Dietary restriction started after spinal cord injury improves functional recovery

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Ruth Lin

Original article: Plunet, W. T., Streijger, F., Lam, C. K., Lee, J. H., Liu, J., & Tetzlaff, W. (2008). Dietary restriction started after spinal cord injury improves functional recovery. Experimental neurology, 213(1), 28-35. Find the original article here.


In this study ICORD researchers investigated the possibility of using dietary restriction as a therapeutic method for patients after spinal cord injury (SCI). The benefits of dietary restrictions have been well studied across animal models of different diseases such as Huntington’s and Alzheimer’s. Also, in preclinical studies, ICORD researchers found that applying dietary restrictions several months before a spinal cord injury increased the survival of nerves and assisted in the recovery of movement. In this study, every other day fasting (EODF) was used as the treatment for a partial spinal cord injury in rats at the cervical (C4) level, modelled after most human spinal cord injuries.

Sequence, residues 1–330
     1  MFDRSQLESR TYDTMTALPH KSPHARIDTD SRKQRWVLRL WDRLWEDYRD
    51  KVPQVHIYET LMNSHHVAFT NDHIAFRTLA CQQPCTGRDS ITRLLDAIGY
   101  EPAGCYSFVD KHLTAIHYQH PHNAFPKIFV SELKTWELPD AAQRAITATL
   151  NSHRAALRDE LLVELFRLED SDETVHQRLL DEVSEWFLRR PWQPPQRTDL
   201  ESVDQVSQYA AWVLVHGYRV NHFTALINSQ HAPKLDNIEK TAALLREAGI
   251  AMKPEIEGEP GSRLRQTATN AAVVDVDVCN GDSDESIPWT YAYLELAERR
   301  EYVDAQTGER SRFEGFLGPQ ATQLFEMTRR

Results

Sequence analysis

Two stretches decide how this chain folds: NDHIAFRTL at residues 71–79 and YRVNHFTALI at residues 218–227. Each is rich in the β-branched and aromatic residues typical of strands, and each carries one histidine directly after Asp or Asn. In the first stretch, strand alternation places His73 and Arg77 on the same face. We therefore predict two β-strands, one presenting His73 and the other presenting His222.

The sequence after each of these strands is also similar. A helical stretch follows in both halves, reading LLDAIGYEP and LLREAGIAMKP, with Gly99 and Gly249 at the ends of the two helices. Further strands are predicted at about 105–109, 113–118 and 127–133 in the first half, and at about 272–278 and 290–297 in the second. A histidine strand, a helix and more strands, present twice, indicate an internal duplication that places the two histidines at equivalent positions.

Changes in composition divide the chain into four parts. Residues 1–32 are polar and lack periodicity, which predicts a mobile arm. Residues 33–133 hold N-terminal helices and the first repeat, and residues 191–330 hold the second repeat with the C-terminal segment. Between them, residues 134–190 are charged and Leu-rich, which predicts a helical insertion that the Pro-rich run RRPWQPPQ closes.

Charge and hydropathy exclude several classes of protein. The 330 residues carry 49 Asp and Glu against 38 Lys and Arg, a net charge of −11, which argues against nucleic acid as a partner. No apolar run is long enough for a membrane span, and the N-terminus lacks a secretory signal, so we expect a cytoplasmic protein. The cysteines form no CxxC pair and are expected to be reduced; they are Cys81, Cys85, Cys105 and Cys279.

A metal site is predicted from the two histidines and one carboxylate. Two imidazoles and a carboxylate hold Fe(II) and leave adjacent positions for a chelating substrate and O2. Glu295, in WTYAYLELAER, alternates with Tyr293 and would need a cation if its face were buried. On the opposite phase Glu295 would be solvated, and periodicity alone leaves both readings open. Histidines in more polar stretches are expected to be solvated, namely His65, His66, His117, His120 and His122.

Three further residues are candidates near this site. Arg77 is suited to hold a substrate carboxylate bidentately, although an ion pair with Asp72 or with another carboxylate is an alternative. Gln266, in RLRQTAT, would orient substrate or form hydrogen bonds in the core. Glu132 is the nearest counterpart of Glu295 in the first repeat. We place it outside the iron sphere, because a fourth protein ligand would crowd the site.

Most important finding:

The EODF form of dietary restriction, applied after spinal cord injury, reduced the size of the injury site, enhanced nerve survival and strengthened nerve connections. This resulted in overall functional recovery and rehabilitation without causing significant weight loss.

Things to consider:

The results of this study suggest most degeneration (loss of functioning nerves) occurs right after spinal cord injury, so treatment enhancing nerve survival must be applied early on. In addition, care must be taken when using EODF in a clinical setting, because of the possibility of weight loss added to the weight loss generally caused by spinal cord injury. Although uninjured humans on EODF do maintain their weight, the effects of EODF on spinal cord injury patients are unknown.

What does this mean for people with SCI?

This study suggests that every other day fasting could serve as a useful therapeutic treatment in future for patients with SCI, particularly because of its low cost and minimal invasiveness.

Posted in biology, Blog, rehab, Research Studies, SCI

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